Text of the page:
From a kinematic point of view, rolling elements should continuously roll on the raceways of rolling element bearings. When the dynamic behaviour is also considered, pure rolling occurs if the bearing is properly loaded and the system is correctly lubricated. In the absence of these conditions, the rolling elements may slide, or skid, from time to time. In the literature, this behaviour is well documented and occurs generally for low-load roller bearings. During a long-lasting experimental test on a large-scale industrial angular contact ball bearing (ACBB), not only skidding behaviour but also so-called over-skidding behaviour was observed on the rolling elements of the bearing. The term over-skidding, or negative-skidding, means that the cage/rotor speed ratio exceeds the value calculated under pure rolling kinematic conditions. To the best of authors’ knowledge, this phenomenon has not been fully described or analysed before. Therefore, a comprehensive model considering the kinematics of the bearing components, the Hertzian contact between the rolling elements and raceways, the interaction between the rolling elements and cage, the hydro-dynamic lubrication, and the thermal effects is introduced in this paper to study and forecast the over-skidding and skidding mechanisms. The model acronym is KH-THD, that is the kinematic-Hertzian-thermo-hydro-dynamic model. The empirical existence of over-skidding indicates that the use of the theoretical value for the cage/rotor speed ratio is inaccurate for determining whether the bearing rolling elements are slipping or not on the raceways, especially for large-scale industrial bearings. The results of the experimental tests on such kinds of bearings obtained by varying the load and under three different operating rotational speeds and two lubricant supply conditions suggest that the KH-THD model is more accurate than existing models, which neglect the thermal effects due to friction. The analysis of the friction thermal effects due to skidding shows that a considerable temperature gradient forms in the bearing. The increase in the lubricant flow rate can somehow mitigate the increase in temperature even though it can worsen the skidding. The proposed model is useful for determining this trade-off for a given load.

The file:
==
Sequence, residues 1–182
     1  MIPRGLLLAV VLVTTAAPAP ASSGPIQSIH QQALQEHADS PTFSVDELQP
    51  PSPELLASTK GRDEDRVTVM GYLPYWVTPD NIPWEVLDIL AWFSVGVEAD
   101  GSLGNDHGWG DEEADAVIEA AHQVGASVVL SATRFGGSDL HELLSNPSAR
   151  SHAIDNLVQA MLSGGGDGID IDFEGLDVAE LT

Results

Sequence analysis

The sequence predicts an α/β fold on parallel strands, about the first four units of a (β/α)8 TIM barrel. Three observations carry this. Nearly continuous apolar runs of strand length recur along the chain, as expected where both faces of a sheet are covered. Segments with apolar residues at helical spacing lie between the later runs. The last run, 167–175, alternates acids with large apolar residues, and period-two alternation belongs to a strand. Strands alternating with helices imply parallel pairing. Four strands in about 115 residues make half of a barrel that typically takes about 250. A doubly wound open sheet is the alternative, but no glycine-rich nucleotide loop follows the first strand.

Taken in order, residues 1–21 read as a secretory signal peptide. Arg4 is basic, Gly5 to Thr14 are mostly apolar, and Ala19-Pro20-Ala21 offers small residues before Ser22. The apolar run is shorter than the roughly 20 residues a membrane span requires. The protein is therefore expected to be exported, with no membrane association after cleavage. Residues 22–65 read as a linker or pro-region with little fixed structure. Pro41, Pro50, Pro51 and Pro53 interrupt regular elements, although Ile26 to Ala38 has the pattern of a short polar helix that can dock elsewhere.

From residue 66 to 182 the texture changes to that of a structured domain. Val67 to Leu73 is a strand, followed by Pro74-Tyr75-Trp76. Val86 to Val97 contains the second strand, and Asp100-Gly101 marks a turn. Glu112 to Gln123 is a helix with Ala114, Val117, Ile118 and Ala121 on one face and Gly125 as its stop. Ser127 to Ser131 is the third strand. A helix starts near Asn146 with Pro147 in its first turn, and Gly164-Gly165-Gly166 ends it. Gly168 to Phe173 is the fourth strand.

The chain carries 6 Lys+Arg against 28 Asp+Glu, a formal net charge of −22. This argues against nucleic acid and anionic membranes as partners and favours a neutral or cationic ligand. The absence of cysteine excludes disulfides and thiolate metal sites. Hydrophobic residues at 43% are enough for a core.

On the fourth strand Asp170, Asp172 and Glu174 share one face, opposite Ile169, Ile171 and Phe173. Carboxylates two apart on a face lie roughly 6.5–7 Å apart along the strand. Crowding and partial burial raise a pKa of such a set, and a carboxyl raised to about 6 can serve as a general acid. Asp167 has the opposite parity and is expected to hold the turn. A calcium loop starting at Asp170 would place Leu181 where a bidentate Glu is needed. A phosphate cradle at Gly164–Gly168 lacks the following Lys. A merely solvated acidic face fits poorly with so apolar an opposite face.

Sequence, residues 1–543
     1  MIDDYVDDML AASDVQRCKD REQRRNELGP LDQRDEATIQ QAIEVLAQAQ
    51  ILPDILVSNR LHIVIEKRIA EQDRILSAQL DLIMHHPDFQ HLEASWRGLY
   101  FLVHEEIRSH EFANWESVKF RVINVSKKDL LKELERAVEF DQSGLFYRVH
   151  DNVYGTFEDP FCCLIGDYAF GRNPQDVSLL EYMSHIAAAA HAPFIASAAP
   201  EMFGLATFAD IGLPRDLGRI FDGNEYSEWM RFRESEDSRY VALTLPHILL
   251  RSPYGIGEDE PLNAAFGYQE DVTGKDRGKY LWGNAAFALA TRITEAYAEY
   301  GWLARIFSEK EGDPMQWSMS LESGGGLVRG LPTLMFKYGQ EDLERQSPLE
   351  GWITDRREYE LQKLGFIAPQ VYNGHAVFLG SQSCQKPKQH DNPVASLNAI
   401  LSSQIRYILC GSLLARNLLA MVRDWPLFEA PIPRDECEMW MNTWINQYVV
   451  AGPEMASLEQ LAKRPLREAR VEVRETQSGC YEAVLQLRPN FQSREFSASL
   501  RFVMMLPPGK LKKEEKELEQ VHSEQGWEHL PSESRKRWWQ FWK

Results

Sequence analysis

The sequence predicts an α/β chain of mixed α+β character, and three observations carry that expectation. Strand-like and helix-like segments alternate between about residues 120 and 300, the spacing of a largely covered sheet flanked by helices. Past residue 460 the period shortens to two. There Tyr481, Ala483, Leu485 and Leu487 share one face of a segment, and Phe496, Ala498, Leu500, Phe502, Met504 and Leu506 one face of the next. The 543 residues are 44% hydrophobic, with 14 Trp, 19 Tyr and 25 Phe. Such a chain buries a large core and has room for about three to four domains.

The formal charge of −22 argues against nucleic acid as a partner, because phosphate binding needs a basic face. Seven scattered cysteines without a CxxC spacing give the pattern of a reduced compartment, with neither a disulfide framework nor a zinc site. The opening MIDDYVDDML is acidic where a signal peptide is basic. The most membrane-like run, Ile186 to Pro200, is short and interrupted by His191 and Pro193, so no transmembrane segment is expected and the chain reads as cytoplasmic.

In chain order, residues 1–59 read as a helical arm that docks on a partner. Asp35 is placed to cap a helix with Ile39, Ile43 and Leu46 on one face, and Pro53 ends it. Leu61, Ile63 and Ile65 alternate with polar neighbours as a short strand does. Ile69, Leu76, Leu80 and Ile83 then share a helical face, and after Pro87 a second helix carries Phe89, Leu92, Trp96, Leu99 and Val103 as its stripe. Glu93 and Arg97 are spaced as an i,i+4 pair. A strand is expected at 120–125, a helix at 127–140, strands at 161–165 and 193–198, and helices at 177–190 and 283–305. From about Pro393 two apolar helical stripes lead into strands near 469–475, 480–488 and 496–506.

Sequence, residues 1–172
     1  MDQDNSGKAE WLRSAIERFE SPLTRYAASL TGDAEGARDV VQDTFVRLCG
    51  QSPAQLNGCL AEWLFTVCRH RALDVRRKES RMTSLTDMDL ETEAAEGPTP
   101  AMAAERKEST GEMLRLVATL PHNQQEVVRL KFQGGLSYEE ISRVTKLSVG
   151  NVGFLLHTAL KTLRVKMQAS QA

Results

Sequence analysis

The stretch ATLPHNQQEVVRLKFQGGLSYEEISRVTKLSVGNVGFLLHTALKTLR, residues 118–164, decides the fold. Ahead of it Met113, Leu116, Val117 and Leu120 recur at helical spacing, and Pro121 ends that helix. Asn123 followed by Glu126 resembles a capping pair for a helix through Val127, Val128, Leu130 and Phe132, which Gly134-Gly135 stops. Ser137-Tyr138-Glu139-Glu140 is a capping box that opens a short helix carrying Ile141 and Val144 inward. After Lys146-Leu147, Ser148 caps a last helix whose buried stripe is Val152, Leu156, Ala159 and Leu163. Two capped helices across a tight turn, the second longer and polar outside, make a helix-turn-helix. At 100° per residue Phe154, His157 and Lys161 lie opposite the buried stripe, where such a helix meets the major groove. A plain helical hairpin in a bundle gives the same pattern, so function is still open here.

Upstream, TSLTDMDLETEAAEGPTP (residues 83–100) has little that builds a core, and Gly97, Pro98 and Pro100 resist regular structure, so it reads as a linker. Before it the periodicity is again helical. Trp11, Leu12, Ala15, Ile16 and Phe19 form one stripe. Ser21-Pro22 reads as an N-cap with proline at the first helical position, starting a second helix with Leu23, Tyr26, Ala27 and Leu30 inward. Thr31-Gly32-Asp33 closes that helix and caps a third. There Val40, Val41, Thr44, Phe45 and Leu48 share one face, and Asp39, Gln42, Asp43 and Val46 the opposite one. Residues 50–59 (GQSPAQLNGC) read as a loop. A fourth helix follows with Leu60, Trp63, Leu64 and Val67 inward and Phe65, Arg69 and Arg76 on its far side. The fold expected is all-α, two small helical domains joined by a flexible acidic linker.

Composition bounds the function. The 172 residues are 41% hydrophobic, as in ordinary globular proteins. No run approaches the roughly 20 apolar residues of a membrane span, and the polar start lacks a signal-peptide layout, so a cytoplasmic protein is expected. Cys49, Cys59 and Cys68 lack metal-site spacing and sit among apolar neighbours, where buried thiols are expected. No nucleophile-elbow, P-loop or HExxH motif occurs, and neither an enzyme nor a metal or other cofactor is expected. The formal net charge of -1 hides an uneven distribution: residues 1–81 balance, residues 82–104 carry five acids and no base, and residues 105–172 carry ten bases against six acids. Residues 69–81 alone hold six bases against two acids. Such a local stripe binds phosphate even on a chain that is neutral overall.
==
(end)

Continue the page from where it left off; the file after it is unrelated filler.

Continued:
Ball bearing skidding and over-skidding in large-scale angular contact ball bearings: Nonlinear dynamic model with thermal effects and experimental results

Gao S.;Chatterton S.;Pennacchi P.
2021

Abstract

From a kinematic point of view, rolling elements should continuously roll on the raceways of rolling element bearings. When the dynamic behaviour is also considered, pure rolling occurs if the bearing is properly loaded and the system is correctly lubricated. In the absence of these conditions, the rolling elements may slide, or skid, from time to time. In the literature, this behaviour is well documented and occurs generally for low-load roller bearings. During a long-lasting experimental test on a large-scale industrial angular contact ball bearing (ACBB), not only skidding behaviour but also so-called over-skidding behaviour was observed on the rolling elements of the bearing. The term over-skidding, or negative-skidding, means that the cage/rotor speed ratio exceeds the value calculated under pure rolling kinematic conditions. To the best of authors’ knowledge, this phenomenon has not been fully described or analysed before. Therefore, a comprehensive model considering the kinematics of the bearing components, the Hertzian contact between the rolling elements and raceways, the interaction between the rolling elements and cage, the hydro-dynamic lubrication, and the thermal effects is introduced in this paper to study and forecast the over-skidding and skidding mechanisms. The model acronym is KH-THD, that is the kinematic-Hertzian-thermo-hydro-dynamic model. The empirical existence of over-skidding indicates that the use of the theoretical value for the cage/rotor speed ratio is inaccurate for determining whether the bearing rolling elements are slipping or not on the raceways, especially for large-scale industrial bearings. The results of the experimental tests on such kinds of bearings obtained by varying the load and under three different operating rotational speeds and two lubricant supply conditions suggest that the KH-THD model is more accurate than existing models, which neglect the thermal effects due to friction. The analysis of the friction thermal effects due to skidding shows that a considerable temperature gradient forms in the bearing. The increase in the lubricant flow rate can somehow mitigate the increase in temperature even though it can worsen the skidding. The proposed model is useful for determining this trade-off for a given load.
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Utilizza questo identificativo per citare o creare un link a questo documento: http://hdl.handle.net/11311/1146184
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